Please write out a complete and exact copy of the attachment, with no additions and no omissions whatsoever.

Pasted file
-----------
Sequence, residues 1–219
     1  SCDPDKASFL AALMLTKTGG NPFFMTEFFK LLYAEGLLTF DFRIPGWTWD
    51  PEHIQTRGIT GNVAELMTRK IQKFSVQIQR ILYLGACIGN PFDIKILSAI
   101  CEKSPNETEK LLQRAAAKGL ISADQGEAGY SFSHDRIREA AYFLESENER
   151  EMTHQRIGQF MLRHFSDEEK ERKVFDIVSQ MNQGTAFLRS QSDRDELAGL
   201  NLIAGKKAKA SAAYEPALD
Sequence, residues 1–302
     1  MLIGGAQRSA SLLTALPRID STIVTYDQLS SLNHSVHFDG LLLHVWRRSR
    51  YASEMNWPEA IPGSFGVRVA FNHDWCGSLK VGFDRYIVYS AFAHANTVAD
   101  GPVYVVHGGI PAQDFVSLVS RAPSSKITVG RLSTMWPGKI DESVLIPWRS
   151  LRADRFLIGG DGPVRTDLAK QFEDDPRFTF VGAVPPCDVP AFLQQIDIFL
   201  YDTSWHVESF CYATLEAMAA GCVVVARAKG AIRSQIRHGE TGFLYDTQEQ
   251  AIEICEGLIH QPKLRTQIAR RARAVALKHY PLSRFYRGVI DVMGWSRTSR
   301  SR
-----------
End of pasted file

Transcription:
Sequence, residues 1–219
     1  SCDPDKASFL AALMLTKTGG NPFFMTEFFK LLYAEGLLTF DFRIPGWTWD
    51  PEHIQTRGIT GNVAELMTRK IQKFSVQIQR ILYLGACIGN PFDIKILSAI
   101  CEKSPNETEK LLQRAAAKGL ISADQGEAGY SFSHDRIREA AYFLESENER
   151  EMTHQRIGQF MLRHFSDEEK ERKVFDIVSQ MNQGTAFLRS QSDRDELAGL
   201  NLIAGKKAKA SAAYEPALD
Sequence, residues 1–302
     1  MLIGGAQRSA SLLTALPRID STIVTYDQLS SLNHSVHFDG LLLHVWRRSR
    51  YASEMNWPEA IPGSFGVRVA FNHDWCGSLK VGFDRYIVYS AFAHANTVAD
   101  GPVYVVHGGI PAQDFVSLVS RAPSSKITVG RLSTMWPGKI DESVLIPWRS
   151  LRADRFLIGG DGPVRTDLAK QFEDDPRFTF VGAVPPCDVP AFLQQIDIFL
   201  YDTSWHVESF CYATLEAMAA GCVVVARAKG AIRSQIRHGE TGFLYDTQEQ
   251  AIEICEGLIH QPKLRTQIAR RARAVALKHY PLSRFYRGVI DVMGWSRTSR
   301  SR